In fact, what's better than playing video games is having conversations with random strangers.  Social interaction works the brain the most due to the requirements of perceiving the others' intentions, speaking, listening, looking, observing, anticipating, evaluating ally or threat...

Good point about conversing with strangers, but that will only make you street-smart. Certainly not a bad thing but still a limited part of the brain. You can be street-smart yet poor at memorizing for example. Unless you start memorizing stranger's names.

Offline faulty_damper

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Re: Anyone tried brain training apps?
«Reply #15 on: October 25, 2014, 07:39:02 PM »
I was wondering what brain training apps are training to achieve.  Expand the working memory?  If you could hold 9 digits in mind before, you could push that to 10?  Would it transfer to everything?  Would you even be aware of a difference like that?  What would it feel like?

Your short-term memory is set in stone and there is nothing you can do to increase it.  Thus, your short-term digit span cannot be increased without the use of mnemonic devices.  Further, using mnemonic devices to increase short-term digit span does not transfer to any other area.  So even if you can memorize 1,000 digits, it won't help you remember a grocery list.  You'll have to use another set of mnemonic devices to do so.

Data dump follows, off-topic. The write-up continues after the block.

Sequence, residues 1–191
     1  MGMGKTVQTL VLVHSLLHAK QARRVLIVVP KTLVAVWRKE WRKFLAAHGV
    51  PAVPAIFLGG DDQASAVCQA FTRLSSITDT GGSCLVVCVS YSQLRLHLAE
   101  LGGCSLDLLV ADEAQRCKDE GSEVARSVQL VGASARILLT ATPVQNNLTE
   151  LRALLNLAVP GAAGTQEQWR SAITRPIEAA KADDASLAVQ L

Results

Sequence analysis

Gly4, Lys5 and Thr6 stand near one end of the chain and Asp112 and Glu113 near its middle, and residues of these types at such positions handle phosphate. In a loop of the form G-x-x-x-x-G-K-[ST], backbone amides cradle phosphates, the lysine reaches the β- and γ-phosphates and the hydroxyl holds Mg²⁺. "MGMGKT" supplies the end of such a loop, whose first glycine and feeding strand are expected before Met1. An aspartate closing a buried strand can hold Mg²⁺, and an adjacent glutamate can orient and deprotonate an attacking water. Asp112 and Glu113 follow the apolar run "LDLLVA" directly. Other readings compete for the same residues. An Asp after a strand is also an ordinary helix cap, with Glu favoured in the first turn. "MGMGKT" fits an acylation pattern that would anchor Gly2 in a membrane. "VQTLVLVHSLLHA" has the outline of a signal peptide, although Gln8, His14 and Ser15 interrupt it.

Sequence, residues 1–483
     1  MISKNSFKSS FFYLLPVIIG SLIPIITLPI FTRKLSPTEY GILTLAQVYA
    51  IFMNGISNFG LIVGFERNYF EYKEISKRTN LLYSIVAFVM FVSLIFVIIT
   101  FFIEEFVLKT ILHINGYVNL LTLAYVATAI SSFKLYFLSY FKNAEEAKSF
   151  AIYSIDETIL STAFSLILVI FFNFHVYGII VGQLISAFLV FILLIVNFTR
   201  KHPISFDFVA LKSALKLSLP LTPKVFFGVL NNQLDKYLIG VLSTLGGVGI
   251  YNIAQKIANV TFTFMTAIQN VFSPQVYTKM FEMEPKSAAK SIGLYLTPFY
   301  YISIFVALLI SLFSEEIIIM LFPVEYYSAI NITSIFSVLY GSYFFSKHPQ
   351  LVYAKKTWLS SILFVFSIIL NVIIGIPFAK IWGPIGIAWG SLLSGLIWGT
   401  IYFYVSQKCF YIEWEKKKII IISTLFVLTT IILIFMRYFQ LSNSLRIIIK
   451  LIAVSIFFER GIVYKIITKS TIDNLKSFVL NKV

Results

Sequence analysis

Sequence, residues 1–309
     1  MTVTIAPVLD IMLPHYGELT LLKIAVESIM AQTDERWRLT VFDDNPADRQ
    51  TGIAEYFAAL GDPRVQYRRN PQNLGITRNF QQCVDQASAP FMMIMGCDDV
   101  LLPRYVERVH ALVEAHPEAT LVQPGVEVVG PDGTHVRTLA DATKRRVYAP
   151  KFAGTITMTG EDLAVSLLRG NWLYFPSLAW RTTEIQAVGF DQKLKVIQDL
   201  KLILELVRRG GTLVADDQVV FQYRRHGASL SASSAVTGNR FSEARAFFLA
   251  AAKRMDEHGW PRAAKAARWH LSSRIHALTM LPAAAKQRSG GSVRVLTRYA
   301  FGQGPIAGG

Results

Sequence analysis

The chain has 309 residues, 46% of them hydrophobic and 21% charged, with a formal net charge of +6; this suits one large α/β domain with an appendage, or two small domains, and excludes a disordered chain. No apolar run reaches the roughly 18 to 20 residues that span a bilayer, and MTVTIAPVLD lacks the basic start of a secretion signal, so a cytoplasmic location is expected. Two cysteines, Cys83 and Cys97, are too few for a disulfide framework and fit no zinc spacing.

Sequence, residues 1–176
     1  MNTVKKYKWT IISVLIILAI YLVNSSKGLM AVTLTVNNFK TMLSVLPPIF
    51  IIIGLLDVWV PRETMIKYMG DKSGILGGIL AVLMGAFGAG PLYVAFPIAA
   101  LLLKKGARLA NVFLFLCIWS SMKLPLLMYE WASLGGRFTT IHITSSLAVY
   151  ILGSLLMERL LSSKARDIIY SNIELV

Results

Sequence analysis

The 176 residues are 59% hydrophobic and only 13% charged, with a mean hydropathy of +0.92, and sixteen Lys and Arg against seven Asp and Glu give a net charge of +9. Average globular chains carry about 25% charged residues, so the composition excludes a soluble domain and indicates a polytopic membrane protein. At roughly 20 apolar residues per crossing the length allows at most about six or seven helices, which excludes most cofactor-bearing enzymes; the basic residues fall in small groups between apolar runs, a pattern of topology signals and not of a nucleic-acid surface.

Offline faulty_damper

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Re: Anyone tried brain training apps?
«Reply #16 on: October 25, 2014, 07:41:25 PM »
Good point about conversing with strangers, but that will only make you street-smart. Certainly not a bad thing but still a limited part of the brain. You can be street-smart yet poor at memorizing for example. Unless you start memorizing stranger's names.

Having conversations with strangers doesn't make one street smart.  That is an entirely different area of knowledge and behaviors.

Offline dima_ogorodnikov

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Re: Anyone tried brain training apps?
«Reply #17 on: October 25, 2014, 07:49:28 PM »
-
No amount of how-to information is going to work if you have the wrong mindset, the wrong guiding philosophies. Avoid losers like the plague, and gather with and learn from winners only.

Offline Bob

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Re: Anyone tried brain training apps?
«Reply #18 on: November 05, 2014, 02:17:11 AM »
I've perused brain training apps a bit.  Just looking.  Not buying anything.

Looks mostly like apps rather than software.  The software that's out there is older.  Everything shifted to apps several years ago.

Most of those apps seem to be subscriptions rather than buying them once and being done with the purchase.  Maybe they keep updating them or they just want to bring in more money.